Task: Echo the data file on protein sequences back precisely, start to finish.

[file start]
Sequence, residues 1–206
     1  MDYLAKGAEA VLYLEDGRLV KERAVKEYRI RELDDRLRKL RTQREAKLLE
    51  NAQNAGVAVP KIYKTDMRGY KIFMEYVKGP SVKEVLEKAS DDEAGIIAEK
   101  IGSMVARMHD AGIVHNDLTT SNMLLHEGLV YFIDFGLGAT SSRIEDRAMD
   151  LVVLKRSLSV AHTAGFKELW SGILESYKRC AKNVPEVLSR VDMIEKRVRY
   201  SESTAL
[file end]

Sequence, residues 1–206
     1  MDYLAKGAEA VLYLEDGRLV KERAVKEYRI RELDDRLRKL RTQREAKLLE
    51  NAQNAGVAVP KIYKTDMRGY KIFMEYVKGP SVKEVLEKAS DDEAGIIAEK
   101  IGSMVARMHD AGIVHNDLTT SNMLLHEGLV YFIDFGLGAT SSRIEDRAMD
   151  LVVLKRSLSV AHTAGFKELW SGILESYKRC AKNVPEVLSR VDMIEKRVRY
   201  SESTAL